We often hear people talking about leaving the EU without acknowledging that the UK has already left the EU (31 January 2020) and that we’re currently in a transitional period which runs until 31 December 2020.
Our article Remember Brexit? we considered some of the potential financial planning impacts of the end of the transitional period. In this article, as we’re recognised as experts in the financial aspects of divorce, particularly in respect of pension sharing, we thought we should turn our attention to the potential impact on divorce, of the BREXIT divorce.
We’re not gamblers (it’s not an appropriate pastime for investment advisers!), but, if we were, our money would be on the UK/EU agreeing a last-minute, very narrow deal. If we’re right this will create quite a few uncertainties. Whilst we don’t yet have the answers, we thought we’d share some of our questions:
When there has been a foreign divorce, English courts have not had jurisdiction to make a pension sharing order unless there was an ongoing connection such as domicile or residence; that was until Article 7 of the European Maintenance Regulations which allowed the court as forum conveniens, to make a pension sharing order when there has been a foreign divorce. This has been a powerful tool, we’ve helped secure a multi-million pound pension sharing orders for foreign divorce cases. One of our cases was for a British, naturalised American against her Irish, naturalised American former husband’s UK oil company final salary pension scheme. We provided evidence to the US court hearing the divorce and arranged UK legal representation. We fear this type of opportunity to achieve an equitable financial settlement in complex overseas matters will cease to exist on 1st January.
Daniel Eames, writing for Resolution, notes that the UK has applied to join the Lugano Convention; Norway, Switzerland and Iceland have agreed but as yet the EU has not. This means that there are 2 potential outcomes in respect of maintenance:
- The 2007 Hague Convention will apply meaning there will no direct jurisdiction for maintenance between the UK and the EU states
- The Lugano Convention and Hague will apply, creating uncertainty on both sides of the English Channel, Irish Sea and North Sea.
The phenomena of cross-border divorce will almost certainly look different from January 1st as there is currently no intention between the EU and UK to negotiate a bespoke agreement in respect of divorce jurisdiction and cross-border recognition of divorces. Whilst the UK is party to the 1970 Hague Convention on the Recognition of Divorces and Legal Separations, only 13 EU member states have signed up, creating the very real prospect of two divorce proceedings in two countries, presumably, with two children matters and two financial settlements with each national divorce proceeding.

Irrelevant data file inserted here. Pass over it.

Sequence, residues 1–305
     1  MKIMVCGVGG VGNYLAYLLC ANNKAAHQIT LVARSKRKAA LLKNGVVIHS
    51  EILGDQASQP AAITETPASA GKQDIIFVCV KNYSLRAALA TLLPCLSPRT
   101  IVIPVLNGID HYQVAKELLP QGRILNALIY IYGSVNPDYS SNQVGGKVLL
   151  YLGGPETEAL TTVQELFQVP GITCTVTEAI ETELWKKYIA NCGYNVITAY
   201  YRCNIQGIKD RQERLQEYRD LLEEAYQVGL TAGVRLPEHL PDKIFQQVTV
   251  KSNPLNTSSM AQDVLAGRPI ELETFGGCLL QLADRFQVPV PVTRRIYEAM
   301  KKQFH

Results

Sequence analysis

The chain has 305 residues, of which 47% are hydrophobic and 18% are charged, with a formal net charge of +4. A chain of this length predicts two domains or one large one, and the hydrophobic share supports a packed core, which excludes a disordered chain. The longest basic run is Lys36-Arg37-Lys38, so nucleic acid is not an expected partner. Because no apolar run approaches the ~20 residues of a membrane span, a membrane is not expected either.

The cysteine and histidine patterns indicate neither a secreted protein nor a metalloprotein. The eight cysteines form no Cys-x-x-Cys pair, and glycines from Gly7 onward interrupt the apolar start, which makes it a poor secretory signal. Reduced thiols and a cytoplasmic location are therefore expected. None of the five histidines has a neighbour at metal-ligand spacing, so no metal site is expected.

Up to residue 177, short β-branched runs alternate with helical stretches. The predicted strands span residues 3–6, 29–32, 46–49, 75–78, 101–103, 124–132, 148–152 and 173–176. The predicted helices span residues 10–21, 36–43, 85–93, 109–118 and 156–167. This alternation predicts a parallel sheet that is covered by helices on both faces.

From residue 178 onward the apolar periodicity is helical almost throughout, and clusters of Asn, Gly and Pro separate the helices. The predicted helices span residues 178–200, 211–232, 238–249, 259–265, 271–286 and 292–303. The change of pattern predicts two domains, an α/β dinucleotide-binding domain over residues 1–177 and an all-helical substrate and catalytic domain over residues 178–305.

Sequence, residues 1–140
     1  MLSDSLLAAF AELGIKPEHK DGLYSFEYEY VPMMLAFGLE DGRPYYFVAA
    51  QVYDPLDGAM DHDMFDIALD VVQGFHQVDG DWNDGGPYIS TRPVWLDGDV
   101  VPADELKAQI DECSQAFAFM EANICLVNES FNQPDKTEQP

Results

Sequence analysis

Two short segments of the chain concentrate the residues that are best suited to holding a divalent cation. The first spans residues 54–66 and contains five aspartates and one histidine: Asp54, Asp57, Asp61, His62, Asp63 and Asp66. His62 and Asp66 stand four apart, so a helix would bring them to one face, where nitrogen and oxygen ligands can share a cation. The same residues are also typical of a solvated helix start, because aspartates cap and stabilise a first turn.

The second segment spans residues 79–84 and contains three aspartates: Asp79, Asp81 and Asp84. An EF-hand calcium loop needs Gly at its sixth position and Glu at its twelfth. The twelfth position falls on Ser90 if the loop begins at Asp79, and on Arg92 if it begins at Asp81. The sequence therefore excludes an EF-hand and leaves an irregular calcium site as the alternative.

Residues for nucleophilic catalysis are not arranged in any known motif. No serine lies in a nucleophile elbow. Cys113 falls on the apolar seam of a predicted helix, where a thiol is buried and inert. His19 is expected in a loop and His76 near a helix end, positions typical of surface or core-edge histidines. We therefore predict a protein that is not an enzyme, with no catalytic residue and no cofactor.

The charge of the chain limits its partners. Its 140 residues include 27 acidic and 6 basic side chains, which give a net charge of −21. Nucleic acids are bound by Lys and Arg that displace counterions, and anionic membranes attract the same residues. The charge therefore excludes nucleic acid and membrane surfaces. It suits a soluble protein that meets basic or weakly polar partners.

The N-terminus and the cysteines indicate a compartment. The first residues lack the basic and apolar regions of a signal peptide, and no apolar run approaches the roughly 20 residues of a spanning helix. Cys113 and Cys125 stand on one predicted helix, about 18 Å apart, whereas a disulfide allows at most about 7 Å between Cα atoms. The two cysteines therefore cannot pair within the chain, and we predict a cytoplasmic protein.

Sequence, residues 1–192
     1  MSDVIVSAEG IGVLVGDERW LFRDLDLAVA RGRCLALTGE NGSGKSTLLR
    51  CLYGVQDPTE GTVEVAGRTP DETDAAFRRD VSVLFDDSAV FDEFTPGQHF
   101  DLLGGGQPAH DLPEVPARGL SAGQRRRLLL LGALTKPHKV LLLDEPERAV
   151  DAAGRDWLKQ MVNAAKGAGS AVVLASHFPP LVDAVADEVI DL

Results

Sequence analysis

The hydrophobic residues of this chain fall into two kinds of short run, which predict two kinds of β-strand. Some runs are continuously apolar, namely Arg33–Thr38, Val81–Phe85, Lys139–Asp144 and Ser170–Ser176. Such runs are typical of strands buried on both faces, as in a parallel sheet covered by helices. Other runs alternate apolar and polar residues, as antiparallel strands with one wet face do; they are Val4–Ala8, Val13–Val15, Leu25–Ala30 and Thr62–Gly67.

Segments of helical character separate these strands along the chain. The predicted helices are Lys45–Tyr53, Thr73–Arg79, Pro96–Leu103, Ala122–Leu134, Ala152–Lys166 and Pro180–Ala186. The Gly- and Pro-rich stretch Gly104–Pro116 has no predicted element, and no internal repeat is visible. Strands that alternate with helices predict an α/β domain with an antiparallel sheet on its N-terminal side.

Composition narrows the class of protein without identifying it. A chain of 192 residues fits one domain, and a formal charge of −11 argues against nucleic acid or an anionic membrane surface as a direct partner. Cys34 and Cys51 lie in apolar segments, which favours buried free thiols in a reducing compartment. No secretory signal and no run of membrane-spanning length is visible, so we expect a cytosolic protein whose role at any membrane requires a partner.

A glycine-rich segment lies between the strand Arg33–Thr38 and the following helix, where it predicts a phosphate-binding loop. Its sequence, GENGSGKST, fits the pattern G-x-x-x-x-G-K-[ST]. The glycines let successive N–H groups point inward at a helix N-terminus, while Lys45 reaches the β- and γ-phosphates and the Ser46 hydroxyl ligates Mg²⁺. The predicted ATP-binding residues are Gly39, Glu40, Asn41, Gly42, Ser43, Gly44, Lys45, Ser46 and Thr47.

Unfortunately, domestic violence can be feature of divorce and child proceedings. England and Wales have legislation in place which serves to recognise domestic violence protection orders made within the EU, however, this recognition is one-way and reciprocal EU recognition of English & Welsh domestic violence protection orders will cease from 1st January 2021.
Statutory Instrument 2019/519, provided for by the European Union (Withdrawal) Act 2018 has been essential bedtime reading for family law professionals since publication in March 2019, this Statutory Instrument shreds some retained EU family law direct legislation and starts to ponder the “what next?”. The current Brussels II Regulation (2201/2003) particularly deals with divorce, parental responsibility, child custody and child abduction between and across the borders of member states. It seems inevitable that from 1st January 2021 the weaker provisions of the 1980 and 1996 Hague Conventions will replace Brussels II.
What does this mean? Children cases are heart wrenching for children, their parents and many family law professionals. Our view is that falling back on Hague is generally a negative move:
- If the child’s habitual residence changes then the court may lose jurisdiction,
- Brussels II allows a court to retain jurisdiction for upto 3 months after a child has been moved across a border, Hague does not.
- Brussels II allows consenting parents to agree jurisdiction for children matters, Hague does not
- Hague doesn’t allow for automatic enforcement of contact orders
- Legal aid is not available for Hague proceedings
- We will loose “home country” status and the ability to override the foreign court when that foreign court has decided against returning a child home
It is important to stress that we are not family law practitioners.
Our expertise is working with family law practitioners and their clients to handle the financial implications of divorce, particularly in respect of pension sharing orders.
We should not be viewed as a competent source of family law expertise, rather we’re enthusiastic, very interested amateurs. We are happy to talk to anyone and will happily refer any relevant enquiries to one of the trusted family law practitioners with whom we work.